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AOC, Bernie Sanders introduce plan to cap credit card rates, blast 'loan-sharking'

Sen. Bernie Sanders and Rep. Alexandria Ocasio-Cortez introduced on Thursday a plan to rein in the profit banks can collect from consumers, proposing to cap credit card interest rates at 15%.

“Despite the fact that banks can borrow money today at less than 2.5% from the Federal Reserve, the average credit card interest rate today for consumers is a record-breaking 17.71%,” the Vermont Senator and freshman Queens Congresswoman said in a statement about the plan.

The plan is meant to contain credit card rates that are well above other benchmarks. The average annual percentage rate (APR) on new credit card offers rose to another record high of 17.73%, according to CreditCards.com — a full percentage point higher than it was a year ago despite interest rates that are near historic lows.

Consumers with less-than-perfect credit scores are being offered especially high interest rates, and Bankrate points out that even borrowers with good credit are paying over 17%, on average.

Americans paid banks $113 billion in credit card interest in 2018, according to MagnifyMoney, up 12% from the $101 billion in interest paid in 2017, and up 49% over the last five years, as Fed rate increases have been passed on to consumers.

“At a time when the American people hold a record $1 trillion in credit card debt and desperately need relief, we need to establish a national maximum interest rate of 15 percent on credit cards and other consumer loans,” Sanders and Ocasio-Cortez said in their statement.

They added that credit card companies that charge over 20% interest on credit cards are “involved in extortion and loan sharking.”

Bank CEOs

Sanders (I-VT) and Ocasio-Cortez (D-NY) decried the big salaries of bank CEOs, accusing them of “rip [ping] off the middle class.”

JPMorgan Chase (JPM) CEO Jamie Dimon “is now worth $1.4 billion after his bank got a taxpayer bailout of more than $400 billion during the financial crisis,” they said. Meanwhile, “former CEO of American Express, Kenneth Chenault, pocketed $370 million in compensation after leading that credit card giant for 17 years.”

Rep. Alexandria Ocasio-Cortez, D-N.Y., listens during a House Financial Services Committee hearing with leaders of major banks, Wednesday, April 10, 2019, on Capitol Hill in Washington. (AP Photo/Patrick Semansky)

Wall Street and the banking industry have long been a target of Democratic lawmakers, Sanders and Sen. Elizabeth Warren in particular.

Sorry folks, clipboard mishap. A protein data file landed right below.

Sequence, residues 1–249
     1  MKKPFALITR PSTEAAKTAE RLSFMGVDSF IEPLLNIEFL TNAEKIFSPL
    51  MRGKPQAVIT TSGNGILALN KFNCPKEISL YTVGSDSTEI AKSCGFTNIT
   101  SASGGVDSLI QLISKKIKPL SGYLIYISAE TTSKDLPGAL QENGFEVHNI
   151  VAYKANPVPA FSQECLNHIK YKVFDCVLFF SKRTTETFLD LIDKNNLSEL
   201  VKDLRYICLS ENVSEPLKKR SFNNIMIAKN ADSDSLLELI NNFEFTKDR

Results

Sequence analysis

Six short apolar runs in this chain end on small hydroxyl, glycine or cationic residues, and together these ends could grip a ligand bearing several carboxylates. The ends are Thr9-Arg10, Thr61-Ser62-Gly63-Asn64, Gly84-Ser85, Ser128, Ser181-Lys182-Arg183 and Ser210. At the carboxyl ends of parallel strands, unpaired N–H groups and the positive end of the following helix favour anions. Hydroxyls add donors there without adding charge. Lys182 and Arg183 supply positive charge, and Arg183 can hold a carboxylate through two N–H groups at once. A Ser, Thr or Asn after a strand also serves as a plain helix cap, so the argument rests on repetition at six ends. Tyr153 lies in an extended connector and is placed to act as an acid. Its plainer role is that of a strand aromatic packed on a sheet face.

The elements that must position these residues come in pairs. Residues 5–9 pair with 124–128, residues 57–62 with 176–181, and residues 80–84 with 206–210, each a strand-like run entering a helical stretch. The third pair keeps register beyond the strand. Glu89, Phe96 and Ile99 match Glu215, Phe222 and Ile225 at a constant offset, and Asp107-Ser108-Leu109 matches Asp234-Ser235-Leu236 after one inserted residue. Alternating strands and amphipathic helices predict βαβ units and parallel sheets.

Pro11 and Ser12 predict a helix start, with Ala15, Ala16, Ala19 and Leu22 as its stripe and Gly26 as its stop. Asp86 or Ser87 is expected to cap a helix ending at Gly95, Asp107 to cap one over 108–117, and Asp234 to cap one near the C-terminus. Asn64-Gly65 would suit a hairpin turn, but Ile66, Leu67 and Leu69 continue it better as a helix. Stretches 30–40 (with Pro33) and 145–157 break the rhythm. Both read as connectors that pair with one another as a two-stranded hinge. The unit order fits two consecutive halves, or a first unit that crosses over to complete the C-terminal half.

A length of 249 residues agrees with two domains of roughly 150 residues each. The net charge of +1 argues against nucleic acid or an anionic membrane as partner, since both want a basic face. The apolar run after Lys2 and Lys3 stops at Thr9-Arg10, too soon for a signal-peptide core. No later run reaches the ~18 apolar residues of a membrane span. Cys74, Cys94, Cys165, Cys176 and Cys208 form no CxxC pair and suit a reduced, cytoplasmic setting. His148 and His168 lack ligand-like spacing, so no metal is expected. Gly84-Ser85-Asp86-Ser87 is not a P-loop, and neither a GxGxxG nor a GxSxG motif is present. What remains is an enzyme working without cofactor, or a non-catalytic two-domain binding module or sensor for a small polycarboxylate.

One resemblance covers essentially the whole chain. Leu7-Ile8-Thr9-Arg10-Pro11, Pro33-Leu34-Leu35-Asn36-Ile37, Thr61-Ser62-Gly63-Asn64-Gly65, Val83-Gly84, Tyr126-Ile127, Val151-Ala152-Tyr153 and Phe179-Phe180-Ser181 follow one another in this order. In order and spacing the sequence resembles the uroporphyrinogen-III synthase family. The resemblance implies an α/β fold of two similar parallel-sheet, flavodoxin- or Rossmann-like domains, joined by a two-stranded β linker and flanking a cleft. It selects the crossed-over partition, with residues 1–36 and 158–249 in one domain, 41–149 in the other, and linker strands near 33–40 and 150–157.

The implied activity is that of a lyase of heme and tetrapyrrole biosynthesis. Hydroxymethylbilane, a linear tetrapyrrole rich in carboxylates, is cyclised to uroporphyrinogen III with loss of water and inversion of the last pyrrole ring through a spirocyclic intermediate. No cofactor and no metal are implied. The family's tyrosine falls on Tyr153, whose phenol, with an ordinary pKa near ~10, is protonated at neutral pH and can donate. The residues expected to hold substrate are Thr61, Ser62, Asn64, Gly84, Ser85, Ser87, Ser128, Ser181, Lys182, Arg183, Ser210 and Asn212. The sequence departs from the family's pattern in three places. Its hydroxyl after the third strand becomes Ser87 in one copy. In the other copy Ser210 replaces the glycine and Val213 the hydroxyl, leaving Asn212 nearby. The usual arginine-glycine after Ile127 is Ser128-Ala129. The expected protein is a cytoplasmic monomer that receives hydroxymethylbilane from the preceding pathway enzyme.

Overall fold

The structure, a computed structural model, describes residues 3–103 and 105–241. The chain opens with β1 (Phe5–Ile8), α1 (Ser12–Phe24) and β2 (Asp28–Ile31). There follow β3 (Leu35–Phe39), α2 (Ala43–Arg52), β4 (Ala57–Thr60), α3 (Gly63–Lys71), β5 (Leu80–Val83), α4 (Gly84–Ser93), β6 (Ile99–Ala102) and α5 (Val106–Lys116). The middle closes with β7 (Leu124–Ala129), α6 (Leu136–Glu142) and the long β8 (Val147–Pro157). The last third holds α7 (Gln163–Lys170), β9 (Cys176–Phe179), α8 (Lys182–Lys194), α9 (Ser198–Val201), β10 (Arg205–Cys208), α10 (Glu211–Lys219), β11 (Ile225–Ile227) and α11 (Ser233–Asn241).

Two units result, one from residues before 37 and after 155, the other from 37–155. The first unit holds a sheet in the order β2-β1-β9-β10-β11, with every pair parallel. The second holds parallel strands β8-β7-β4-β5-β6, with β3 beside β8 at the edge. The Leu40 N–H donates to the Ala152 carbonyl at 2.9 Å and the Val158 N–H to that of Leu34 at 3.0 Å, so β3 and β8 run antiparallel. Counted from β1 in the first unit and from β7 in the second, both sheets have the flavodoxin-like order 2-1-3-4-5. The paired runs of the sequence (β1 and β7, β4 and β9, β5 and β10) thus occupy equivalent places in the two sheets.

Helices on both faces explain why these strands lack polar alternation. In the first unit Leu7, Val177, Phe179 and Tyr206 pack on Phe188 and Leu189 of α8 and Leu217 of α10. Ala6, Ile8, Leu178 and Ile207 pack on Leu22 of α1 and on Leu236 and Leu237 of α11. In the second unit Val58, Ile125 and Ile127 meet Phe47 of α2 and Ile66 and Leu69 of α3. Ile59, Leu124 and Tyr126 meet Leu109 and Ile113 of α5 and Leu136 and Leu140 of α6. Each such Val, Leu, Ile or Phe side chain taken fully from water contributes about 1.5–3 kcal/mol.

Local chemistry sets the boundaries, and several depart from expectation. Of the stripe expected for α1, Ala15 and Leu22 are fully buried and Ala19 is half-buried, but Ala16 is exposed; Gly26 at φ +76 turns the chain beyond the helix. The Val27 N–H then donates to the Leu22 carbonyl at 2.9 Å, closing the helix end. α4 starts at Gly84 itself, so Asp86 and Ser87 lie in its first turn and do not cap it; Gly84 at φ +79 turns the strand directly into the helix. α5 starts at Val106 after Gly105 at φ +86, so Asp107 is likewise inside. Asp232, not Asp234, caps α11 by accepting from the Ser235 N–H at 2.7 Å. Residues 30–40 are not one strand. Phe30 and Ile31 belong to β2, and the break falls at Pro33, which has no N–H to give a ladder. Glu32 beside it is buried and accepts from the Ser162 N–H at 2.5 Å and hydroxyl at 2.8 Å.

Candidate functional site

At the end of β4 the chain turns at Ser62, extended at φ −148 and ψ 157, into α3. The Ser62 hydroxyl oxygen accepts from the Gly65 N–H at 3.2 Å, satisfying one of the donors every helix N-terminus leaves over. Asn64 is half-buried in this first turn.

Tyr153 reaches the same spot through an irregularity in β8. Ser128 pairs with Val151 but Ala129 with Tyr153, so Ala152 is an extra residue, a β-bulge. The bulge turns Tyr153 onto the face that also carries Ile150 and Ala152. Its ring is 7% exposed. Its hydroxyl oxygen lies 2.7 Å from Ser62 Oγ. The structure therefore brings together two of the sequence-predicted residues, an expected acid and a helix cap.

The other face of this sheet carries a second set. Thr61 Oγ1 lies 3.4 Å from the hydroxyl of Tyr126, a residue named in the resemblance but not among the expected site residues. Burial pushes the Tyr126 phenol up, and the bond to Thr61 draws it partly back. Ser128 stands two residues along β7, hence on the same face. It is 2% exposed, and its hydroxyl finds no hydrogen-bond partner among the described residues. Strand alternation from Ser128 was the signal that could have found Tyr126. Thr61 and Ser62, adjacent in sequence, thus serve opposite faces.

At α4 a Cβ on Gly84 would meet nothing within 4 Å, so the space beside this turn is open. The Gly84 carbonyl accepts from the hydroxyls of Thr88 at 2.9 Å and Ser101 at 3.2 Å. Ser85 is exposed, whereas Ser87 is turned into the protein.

Warren has been a vocal critic recently of Wells Fargo, which was hit with fines for creating fake accounts for millions of customers. She had called for CEO Tim Sloan’s resignation for his alleged role in the scandal.

In a press conference livestreamed on Sanders’ Facebook and Twitter pages on Thursday, Ocasio-Cortez highlighted the challenges of the banking system for many lower-income Americans.

For those without a regular bank account, check-cashing services can be an alternative. But they charge their own fees, she said. “Even if you try to avoid that charge, you take your check to a check cashing place, very common here in my community... they’re charging you 10% sometimes to cash a check. It is expensive to be poor,” she said.

Chance of passing?

The legislation also proposes allowing the more than 31,000 U.S. Postal Offices to offer banking services to lower-income consumers who don’t use payday lenders or big financial institutions. The lawmakers said people around the world bank with postal services. “The American people should have this option as well, just as they have in the past. From 1911 to 1966, the U.S. Postal Service offered banking services,” they said.

While Sanders and Ocasio-Cortez say their proposals are “not radical,” others might disagree.

"There's a less-than-zero-percent chance of a cap happening under the current administration,” said Matt Schulz, an analyst at LendingTree.

Though as Sanders and Ocasio-Cortez point out, in 1980 Congress passed legislation requiring credit unions to cap interest rates on their loans and credit union credit card APRs can't go above 18%.

“The legislation is very unlikely to pass, but it’s a good reminder for consumers that credit card rates are high,” said Ted Rossman, an analyst at CreditCards.com. “If you have credit card debt – and about 6 in 10 cardholders do – you need to prioritize your interest rate over rewards.”

MasterCard, Visa and American Express did not respond to Yahoo Finance’s request for comment.

–Sibile Marcellus contributed reporting to this article.

Lisa Scherzer is an editor at Yahoo Finance.

Read more:

Why AOC, Bernie Sanders are missing the mark on credit-card rates

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